Monday, May 30, 2011

[pima.nius] High Aussie dollar hurting Pacific islands consumers

11:53 AM |

High Aussie dollar hurting Pacific islands consumers

Updated May 30, 2011 17:08:53

The high Australian dollar is having a negative impact on the Pacific according to new research from the ANZ Bank ..and it is consumers that are feeling it most.

Since early 2009 the Aussie dollar has had a spectacular rise -from just over 60 US cents to a peak earlier this month of over $1.10 US.

Today it is back to $1.06 but the outlook remains strong.

ANZ's Chief Asia Pacific Economist says Pacific households are taking a hit.

Presenter: Jemima Garrett, Pacific Business and Economic reporter
Speaker: Paul Gruenwald, Chief Asia Pacific Economist with the ANZ Bank

GRUENWALD: We recently surveyed our staff in the Pacific to find out the impact of the high Australian dollar and what we found was that the importing firms were not hedged, but because of the market position, they were able to pass the larger import costs onto the household. So we found that the larger net impact of the high Aussie dollar on the Pacific was being born by the retail sector.

GARRETT: So just how much impact are ordinary people in the Pacific feeling from the high Australian dollar?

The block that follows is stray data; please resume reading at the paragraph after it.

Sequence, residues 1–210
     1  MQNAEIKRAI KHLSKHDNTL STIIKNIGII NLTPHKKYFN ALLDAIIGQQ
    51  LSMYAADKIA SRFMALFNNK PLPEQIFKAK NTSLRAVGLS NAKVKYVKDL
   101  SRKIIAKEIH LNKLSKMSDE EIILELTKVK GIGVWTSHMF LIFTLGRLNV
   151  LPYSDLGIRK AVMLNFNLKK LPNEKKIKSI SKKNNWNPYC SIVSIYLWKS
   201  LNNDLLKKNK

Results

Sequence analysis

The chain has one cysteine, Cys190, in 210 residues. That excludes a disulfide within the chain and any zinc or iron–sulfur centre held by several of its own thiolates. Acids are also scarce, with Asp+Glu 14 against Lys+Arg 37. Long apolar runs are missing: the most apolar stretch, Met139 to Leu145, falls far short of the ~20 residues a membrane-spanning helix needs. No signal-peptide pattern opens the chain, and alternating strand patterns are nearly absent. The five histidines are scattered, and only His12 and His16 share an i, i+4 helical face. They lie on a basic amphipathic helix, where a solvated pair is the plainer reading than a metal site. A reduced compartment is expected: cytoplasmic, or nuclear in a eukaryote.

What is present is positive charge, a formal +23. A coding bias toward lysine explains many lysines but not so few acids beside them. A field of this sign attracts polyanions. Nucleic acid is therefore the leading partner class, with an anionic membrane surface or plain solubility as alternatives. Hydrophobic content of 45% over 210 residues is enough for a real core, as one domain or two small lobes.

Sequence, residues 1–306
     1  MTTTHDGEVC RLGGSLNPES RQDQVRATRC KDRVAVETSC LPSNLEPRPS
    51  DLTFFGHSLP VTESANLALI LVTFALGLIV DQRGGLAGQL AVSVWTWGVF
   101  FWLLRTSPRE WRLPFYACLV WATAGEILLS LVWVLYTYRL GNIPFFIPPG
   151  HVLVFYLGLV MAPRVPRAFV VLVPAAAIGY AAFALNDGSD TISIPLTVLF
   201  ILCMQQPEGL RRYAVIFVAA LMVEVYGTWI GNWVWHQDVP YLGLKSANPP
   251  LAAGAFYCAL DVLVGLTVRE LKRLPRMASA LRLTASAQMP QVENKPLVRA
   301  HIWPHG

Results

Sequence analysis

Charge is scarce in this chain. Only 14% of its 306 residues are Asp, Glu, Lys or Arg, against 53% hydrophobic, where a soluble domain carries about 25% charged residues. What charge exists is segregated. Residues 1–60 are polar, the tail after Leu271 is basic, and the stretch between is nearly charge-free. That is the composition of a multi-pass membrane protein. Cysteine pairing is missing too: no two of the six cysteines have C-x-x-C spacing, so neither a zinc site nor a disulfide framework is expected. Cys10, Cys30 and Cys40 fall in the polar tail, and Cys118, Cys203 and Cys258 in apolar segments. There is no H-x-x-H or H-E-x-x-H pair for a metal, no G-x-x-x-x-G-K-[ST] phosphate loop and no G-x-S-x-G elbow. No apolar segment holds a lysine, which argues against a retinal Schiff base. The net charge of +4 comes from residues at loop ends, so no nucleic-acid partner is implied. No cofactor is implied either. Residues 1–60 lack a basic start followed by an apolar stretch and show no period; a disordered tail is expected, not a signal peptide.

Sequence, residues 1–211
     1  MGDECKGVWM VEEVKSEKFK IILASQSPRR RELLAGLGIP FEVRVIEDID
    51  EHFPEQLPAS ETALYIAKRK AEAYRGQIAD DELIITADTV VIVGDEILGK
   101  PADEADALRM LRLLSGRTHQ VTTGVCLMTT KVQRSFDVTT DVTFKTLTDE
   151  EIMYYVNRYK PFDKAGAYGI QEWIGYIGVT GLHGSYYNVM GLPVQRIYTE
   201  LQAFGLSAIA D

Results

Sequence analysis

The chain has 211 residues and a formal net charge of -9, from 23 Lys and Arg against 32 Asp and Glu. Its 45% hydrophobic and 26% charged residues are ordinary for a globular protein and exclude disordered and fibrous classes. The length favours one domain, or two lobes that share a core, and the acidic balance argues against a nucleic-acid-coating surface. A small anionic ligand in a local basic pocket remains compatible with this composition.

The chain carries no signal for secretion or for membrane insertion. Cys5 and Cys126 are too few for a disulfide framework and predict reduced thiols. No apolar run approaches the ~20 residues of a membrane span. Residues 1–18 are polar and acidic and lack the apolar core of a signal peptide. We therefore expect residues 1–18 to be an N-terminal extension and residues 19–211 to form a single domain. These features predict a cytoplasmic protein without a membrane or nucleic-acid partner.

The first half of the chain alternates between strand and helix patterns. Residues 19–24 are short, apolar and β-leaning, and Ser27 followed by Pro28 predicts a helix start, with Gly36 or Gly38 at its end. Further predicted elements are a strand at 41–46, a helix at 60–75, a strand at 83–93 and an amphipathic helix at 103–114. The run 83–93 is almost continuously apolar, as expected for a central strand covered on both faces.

GRUENWALD: Well, that's hard to get an exact number on, but some countries such as Fiji and PNG import one quarter or up to one half of their total goods from Australia and a bit more from New Zealand, where we think the affect would be similar for the New Zealand dollar, so it's quite a substantial chunk of household spending.

GARRETT: So to what extent are local businesses taking the impact of the high Australian dollar and to what extent is it flowing right through to households?

GRUENWALD: Our view again is most of it's being passed through to the retail sector. The firms that are taking a hit are the ones that are importing the raw materials or getting them from a second round affect and they're less able to absorb the cost, but there doesn't seem to be the direct importers that are taking the hit.

GARRETT: You found, as you mentioned, that most Pacific businesses were not hedged against the rise in the Australian dollar. Was that a mistake on their part?